Friday, February 24, 2012


Note from Melanie Rickey, Fashion Editor at Large

Recent journalism graduate Joshua Drew has been interning with us at FEAL for the last fortnight, and in that time his flair and passion for menswear has been so infectious, I just had to assign him the task of covering Men's Fashion Day in London on Wednesday. So while I was in the recovery position following London Fashion Week, Mr. Drew hit town.

Guest Post for Fashion Editor at Large by Joshua Drew 

J.W Anderson fuelled the fire of menswear on Wednesday, and boy was it a scorcher!  As the first menswear designer to showcase his new collection, entitled ‘Chamber of Isolation’, the venue was claustrophobic to the backdrop of heavy industrial beats. A spooky start to a theatrical collection. Fitting considering Anderson’s background in theatre.

A fitting venue for a show entitled 'Chamber of Isolation' in the old Central St Martins building. 
If the music didn’t have you shaking in your boots then you were most certainly moonwalking, as footwear, in collaboration with Aldo Rise, came in white or black leather mixed with plaid wool. Trousers came in the form of flares, a trippy throwback to the 80s with zip detailing, a theme throughout menswear which we’re loving this season.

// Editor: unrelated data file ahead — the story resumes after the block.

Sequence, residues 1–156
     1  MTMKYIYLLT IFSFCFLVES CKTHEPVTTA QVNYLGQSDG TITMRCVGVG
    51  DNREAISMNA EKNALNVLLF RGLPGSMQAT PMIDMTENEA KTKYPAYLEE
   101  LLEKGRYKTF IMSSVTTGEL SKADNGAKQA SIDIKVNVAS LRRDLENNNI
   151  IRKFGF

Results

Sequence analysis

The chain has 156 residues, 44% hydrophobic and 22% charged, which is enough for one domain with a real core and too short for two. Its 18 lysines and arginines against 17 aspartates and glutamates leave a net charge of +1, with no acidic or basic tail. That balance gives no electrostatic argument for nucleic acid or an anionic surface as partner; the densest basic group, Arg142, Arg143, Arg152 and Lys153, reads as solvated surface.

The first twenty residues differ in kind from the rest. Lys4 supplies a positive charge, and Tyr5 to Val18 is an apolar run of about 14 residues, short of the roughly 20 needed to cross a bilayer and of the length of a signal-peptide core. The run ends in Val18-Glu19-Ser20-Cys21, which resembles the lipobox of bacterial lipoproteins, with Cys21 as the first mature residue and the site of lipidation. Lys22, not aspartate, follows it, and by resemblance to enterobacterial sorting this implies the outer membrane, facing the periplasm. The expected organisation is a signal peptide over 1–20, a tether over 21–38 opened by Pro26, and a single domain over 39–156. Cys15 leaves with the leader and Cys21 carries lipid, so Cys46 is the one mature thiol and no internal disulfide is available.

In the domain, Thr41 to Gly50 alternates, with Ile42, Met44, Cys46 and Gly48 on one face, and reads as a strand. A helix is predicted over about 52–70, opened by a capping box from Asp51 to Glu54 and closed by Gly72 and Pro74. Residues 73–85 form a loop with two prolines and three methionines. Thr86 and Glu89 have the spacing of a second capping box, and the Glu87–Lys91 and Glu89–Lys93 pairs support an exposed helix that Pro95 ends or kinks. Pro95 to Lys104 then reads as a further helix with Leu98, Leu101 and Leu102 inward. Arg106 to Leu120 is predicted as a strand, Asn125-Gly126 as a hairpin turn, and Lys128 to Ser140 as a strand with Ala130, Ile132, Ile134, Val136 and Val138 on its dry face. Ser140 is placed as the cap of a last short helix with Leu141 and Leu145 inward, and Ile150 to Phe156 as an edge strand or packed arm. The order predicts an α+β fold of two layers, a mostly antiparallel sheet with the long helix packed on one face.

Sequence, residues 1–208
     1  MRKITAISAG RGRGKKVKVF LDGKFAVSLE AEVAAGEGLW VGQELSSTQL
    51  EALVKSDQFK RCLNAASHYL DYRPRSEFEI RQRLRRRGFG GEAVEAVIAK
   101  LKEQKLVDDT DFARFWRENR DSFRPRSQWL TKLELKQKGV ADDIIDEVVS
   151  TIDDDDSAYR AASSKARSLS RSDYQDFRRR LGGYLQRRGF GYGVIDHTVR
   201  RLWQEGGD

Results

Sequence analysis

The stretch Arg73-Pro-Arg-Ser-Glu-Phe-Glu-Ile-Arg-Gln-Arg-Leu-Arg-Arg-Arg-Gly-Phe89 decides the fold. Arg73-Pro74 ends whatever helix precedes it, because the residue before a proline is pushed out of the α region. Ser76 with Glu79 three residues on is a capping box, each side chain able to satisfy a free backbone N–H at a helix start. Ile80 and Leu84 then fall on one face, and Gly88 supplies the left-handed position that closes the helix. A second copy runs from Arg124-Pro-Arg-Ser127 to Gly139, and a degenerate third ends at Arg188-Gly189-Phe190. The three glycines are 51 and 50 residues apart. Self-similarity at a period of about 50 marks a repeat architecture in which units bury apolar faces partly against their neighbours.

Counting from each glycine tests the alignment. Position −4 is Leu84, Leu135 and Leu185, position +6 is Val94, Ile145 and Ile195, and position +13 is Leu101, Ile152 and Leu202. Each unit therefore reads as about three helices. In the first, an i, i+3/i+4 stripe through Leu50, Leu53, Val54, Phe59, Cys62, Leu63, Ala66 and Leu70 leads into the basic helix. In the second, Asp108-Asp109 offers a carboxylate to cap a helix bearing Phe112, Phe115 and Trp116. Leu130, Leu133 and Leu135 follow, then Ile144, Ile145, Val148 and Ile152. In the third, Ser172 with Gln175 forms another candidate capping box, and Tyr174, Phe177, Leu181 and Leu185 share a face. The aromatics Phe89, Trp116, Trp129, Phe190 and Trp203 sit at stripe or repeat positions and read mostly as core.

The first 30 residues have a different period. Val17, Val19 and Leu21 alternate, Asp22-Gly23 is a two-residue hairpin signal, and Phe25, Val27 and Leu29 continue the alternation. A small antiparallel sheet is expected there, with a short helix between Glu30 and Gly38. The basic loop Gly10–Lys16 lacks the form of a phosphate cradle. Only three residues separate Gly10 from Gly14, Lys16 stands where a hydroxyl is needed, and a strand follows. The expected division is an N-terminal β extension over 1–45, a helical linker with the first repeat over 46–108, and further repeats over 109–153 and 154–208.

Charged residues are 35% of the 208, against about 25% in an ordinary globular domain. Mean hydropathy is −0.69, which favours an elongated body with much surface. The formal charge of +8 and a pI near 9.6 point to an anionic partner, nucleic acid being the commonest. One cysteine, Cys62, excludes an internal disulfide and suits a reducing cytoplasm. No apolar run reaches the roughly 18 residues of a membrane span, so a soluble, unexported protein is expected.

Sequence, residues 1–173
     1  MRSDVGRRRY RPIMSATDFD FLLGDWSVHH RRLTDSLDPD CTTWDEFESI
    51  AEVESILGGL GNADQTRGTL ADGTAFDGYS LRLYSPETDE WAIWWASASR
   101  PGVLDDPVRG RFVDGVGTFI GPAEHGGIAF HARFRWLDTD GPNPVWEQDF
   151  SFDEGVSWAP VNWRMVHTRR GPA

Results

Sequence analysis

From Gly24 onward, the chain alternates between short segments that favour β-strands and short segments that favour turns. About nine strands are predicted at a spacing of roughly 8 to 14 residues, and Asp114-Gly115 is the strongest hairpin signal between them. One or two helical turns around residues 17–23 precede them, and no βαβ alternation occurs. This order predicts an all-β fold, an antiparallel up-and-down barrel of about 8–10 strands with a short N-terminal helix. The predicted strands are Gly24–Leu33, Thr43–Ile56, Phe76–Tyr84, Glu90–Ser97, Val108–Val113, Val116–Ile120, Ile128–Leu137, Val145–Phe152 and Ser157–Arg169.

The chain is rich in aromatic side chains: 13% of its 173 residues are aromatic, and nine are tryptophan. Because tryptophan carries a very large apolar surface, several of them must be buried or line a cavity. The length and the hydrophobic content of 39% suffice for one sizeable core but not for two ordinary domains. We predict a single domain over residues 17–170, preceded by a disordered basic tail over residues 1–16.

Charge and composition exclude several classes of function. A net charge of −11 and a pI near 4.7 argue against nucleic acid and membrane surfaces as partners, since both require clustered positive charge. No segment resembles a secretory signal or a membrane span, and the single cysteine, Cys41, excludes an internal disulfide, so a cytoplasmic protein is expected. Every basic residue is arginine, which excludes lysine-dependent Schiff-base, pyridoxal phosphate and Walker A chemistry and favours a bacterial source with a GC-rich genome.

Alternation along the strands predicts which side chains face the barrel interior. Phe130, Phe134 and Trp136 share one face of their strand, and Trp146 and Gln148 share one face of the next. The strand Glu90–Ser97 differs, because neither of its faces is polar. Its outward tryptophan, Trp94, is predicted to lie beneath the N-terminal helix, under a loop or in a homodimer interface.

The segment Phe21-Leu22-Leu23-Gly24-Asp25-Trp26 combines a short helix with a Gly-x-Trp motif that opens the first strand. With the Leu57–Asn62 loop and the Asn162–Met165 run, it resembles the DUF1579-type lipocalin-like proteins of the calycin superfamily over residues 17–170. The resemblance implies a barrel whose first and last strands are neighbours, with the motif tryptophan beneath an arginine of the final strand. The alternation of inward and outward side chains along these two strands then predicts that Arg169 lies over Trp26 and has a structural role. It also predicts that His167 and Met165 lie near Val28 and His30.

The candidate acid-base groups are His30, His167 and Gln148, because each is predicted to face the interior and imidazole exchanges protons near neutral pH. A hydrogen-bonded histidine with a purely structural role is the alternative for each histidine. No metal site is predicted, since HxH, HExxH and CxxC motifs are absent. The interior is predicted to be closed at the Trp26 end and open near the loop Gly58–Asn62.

J.W Anderson AW12  (photos:

“I keep asking myself, does menswear exist anymore?” said Anderson in typically rhetorical form backstage. “Everything seems so sartorial nowadays. Menswear is dry. It needs a certain awkwardness about it.” Anderson seemed like just the right candidate to shake things up a little. His gender bending designs steered far away from any sartorial references and instead injected quilted skirts over leather flares. Potentially not every man's dream wardrobe staple and not a new concept for Anderson. Yet it was his knitwear pieces with their rope detail embellishment which proved most wearable this season. You wouldn't have to be a typical Anderson man to pull off one of these statement items.

J.W Anderson AW12 (photo:
Inspired by the idea of bad taste and good taste he certainly left his collection open to criticism.  His man was futuristic, moody and isolated. Yet Anderson, true to form, struck a confident and rebellious collection. Who doesn’t love a rebel? 

(Photo: Fashion Editor at Large)

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